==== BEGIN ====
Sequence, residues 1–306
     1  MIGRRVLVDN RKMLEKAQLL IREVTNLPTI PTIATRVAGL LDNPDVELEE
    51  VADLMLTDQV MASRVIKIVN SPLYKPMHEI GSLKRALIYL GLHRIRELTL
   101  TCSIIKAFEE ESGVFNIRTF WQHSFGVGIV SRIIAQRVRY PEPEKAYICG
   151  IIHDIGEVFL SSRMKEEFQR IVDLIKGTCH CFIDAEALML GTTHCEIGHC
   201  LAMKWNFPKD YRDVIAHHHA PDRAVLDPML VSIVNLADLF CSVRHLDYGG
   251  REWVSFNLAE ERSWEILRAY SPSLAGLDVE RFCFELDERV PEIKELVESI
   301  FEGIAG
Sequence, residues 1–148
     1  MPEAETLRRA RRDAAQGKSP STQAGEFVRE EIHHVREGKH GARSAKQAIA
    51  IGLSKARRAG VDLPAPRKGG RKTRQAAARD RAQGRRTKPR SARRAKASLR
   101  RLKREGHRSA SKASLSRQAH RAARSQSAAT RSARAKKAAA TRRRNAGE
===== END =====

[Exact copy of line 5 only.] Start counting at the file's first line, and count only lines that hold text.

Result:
   151  IIHDIGEVFL SSRMKEEFQR IVDLIKGTCH CFIDAEALML GTTHCEIGHC